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Physical activity has positive effect on the brain

With Mental Health Awareness Week coming up in October, it’s a good time to take a closer look at the link between physical activity and the brain.

A recent Science Daily article unpacks research that found moderate physical activity has a positive effect on the brain.

The research is led by Dr. Ahmad Aziz and found that certain areas of the brain are larger in physically active individuals than in those who are less active.

"Our study results indicate that even small behavioral changes, such as walking 15 minutes a day or taking the stairs instead of the elevator, may have a substantial positive effect on the brain and potentially counteract age-related loss of brain matter and the development of neurodegenerative diseases. Older adults can particularly profit from modest increases of low intensity physical activity." says Dr Aziz.

Learn more about Dr Aziz's research on the positives of physical activity on our brains.

View the September/October 2022 issue of the Active Canterbury Network Newsletter online.

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Play Wellbeing Bingo!

New research from Sport NZ’s Active NZ survey shows that while physical activity rates have rebounded to some degree since the start of the COVID-19 pandemic, it isn’t happening across the board. Lack of motivation was found to be a key barrier.

Sport New Zealand recently relaunched its iconic 90’s Push Play campaign to address these findings. The aim is to get New Zealanders to add more movement into their day-to-day lives.

The Active Canterbury Network has developed an activation called Wellbeing Bingo to encourage Cantabrians to start moving move - to support the Push Play message locally.

Participants choose from a Families/Whānau card or an Individual card. Each card has a total of 25 activities with a focus on exploring nature, visiting new places, trying new things and easy ways to move.

The aim is to complete 5 activities each week for 5 weeks. There are weekly prize draws and a final prize draw. Prizes include gym vouchers, free classes, pool passes, outdoor experiences, sports gear and spot prizes!

View the July/August 2022 issue of the Active Canterbury Network Newsletter online.

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Pandemic impacts participation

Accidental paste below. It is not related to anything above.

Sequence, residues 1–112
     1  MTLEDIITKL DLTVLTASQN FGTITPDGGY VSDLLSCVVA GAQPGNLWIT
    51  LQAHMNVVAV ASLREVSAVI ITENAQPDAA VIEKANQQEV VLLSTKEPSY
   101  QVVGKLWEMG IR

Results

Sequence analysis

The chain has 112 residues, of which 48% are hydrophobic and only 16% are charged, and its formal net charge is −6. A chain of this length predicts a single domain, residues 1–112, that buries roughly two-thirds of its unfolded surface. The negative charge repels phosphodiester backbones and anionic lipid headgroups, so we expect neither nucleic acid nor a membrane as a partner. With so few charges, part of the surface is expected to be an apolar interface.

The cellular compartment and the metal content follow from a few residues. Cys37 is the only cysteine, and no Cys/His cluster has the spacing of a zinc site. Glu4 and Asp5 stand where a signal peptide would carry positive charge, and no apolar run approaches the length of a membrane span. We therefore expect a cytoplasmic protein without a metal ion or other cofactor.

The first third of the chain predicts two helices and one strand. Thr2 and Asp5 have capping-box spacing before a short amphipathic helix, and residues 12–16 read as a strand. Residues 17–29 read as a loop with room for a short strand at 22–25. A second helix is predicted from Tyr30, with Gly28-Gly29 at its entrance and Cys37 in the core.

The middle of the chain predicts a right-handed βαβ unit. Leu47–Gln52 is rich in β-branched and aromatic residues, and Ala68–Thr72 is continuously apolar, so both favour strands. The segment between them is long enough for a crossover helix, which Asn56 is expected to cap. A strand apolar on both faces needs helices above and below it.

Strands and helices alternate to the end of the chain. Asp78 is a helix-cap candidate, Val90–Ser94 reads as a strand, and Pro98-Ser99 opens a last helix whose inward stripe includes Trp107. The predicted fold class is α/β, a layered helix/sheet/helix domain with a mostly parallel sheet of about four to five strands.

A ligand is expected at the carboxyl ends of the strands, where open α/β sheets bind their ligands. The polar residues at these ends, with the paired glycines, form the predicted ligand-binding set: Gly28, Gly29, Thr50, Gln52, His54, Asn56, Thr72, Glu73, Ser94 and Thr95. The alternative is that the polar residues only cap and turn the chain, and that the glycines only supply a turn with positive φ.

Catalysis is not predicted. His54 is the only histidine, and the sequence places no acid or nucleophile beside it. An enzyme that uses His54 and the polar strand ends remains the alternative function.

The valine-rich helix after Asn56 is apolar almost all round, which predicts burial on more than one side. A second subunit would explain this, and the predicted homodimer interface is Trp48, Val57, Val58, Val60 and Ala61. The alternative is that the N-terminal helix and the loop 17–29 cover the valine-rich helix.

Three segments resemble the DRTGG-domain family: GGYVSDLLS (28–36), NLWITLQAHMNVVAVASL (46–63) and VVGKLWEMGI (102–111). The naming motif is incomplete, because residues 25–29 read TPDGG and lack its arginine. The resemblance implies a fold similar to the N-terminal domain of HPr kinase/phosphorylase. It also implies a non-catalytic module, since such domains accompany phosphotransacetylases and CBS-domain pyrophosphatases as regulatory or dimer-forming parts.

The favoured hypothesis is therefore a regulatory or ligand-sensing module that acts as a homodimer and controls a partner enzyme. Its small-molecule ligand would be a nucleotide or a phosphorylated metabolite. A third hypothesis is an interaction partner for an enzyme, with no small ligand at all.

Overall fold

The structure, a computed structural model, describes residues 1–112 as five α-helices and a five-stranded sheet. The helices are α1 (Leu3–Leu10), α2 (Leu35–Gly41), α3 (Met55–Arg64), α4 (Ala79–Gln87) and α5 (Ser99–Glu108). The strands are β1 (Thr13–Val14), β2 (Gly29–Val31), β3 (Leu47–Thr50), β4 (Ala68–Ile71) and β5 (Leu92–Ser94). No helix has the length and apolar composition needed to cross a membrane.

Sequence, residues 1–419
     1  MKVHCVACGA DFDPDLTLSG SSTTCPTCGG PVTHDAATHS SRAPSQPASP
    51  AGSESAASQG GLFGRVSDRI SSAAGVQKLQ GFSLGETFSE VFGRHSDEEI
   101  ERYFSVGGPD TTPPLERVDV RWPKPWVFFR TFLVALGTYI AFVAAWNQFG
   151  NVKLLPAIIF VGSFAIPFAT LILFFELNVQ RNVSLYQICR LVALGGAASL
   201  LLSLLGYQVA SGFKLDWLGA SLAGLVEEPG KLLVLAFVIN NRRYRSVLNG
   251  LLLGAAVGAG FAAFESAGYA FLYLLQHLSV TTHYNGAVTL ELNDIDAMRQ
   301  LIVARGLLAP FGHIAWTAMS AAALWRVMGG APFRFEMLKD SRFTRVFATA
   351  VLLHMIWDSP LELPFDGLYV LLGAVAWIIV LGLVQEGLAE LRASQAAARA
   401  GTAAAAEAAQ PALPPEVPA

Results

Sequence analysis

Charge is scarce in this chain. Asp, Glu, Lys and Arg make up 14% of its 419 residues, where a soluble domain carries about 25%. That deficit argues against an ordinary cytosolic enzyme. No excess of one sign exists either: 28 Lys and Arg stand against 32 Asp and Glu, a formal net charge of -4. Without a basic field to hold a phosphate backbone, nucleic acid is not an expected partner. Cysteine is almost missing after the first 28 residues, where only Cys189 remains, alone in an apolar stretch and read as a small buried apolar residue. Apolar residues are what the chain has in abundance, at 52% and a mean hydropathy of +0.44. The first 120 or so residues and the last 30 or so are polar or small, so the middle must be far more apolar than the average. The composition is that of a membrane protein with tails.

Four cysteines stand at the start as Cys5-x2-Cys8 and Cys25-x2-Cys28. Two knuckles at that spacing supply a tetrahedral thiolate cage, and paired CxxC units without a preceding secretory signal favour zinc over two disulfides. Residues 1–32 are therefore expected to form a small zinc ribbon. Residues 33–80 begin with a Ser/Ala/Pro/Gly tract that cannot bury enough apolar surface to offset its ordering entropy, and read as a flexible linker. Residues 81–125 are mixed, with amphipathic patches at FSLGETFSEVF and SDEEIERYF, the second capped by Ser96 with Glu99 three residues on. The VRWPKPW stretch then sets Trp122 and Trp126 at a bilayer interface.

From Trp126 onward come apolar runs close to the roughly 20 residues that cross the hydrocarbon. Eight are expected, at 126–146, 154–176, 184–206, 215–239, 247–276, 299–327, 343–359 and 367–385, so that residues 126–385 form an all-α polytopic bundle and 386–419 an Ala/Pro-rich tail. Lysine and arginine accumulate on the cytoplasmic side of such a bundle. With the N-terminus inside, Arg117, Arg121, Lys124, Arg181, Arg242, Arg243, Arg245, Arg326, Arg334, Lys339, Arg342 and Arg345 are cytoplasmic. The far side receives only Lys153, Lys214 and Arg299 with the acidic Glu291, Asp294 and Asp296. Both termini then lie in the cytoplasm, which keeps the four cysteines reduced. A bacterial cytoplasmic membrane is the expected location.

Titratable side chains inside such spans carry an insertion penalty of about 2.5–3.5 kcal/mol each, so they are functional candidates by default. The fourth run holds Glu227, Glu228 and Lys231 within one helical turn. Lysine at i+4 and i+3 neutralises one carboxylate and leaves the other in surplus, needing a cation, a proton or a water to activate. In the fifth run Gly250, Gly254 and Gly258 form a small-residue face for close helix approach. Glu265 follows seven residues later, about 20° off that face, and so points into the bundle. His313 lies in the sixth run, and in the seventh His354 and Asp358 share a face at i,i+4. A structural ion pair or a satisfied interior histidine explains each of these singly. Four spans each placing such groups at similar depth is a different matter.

Sport NZ published a study into the impact of COVID-19 which shows the pandemic has severely affected participation in physical activity across the country. The study involved a series of surveys of between 2,500 and 4,500 adults (18 years and older) between April 2020 and April 2021.

The study found there was a decrease in the number of physical activities that people participated in each week, a decline in the amount of time spent being active, a significant drop in the number of adults meeting the physical activity recommendations and an impact on habitual physical activity.

View the May/June 2022 issue of the Active Canterbury Network Newsletter online.

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The Power of Play!

Languishing. It's a term that might describe how you are feeling right now!

Languishing is a state of apathy, a sense of restlessness or feeling unsettled or an overall lack of interest in life or the things that typically bring you joy. "The constant mental workout of living through a pandemic and coping with the effects of that begins to take its toll", says Dr Dougal Sutherland – a clinical psychologist at Victoria University of Wellington.

The good news is there are many simple things we can do to boost our mental wellbeing. One great way is to incorporate more play and fun into each day!

View the March/April 2022 issue of the Active Canterbury Network Newsletter online.

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Motivation to Move!

When you love to be active and exercise, it can be hard to understand why other people don't feel the same way! However, for most people, exercise is not a natural or easy thing to do - even when they know it's good for them! Why is this?

Nicky Pellegrino provides some excellent insights in her recent Listener article 'Survival of the Fittest' (15th-21st January 2022 issue - Why We Hate To Exercise). She interviews Harvard paleoanthropologist Daniel Lieberman, who has spent time observing the Hadza - a hunter-gather society living in northern Tanzania. Lieberman comments, "We've created a world in which physical activity is now voluntary and so we have to do this very strange, abnormal thing that runs counter to our basic fundamental instincts - unnecessary, unrewarding physical activity".

He goes on to say that while we are "hardwired to conserve energy", there are strategies we can employ to "drum up the motivation to move".

View the February 2022 issue of the Active Canterbury Network Newsletter online.

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The way we think about physical activity has changed

Every cloud has a silver lining, so the saying goes! And it appears there have been a number of positives to come out of the current COVID-19 pandemic in regard to physical activity and exercise. In many cases, living in lockdown and learning to adjust to alert levels has altered our feelings towards physical activity for the better. Daily exercise became the one constant, providing structure and routine against a backdrop of an ever-changing news cycle.

Not only has the way we feel about physical activity changed, but so has the way we think about it. Let's take a closer look at how the pandemic has altered attitudes and the implications this has for activity providers in future.

View the September/October 2021 issue of the Active Canterbury Network Newsletter online.

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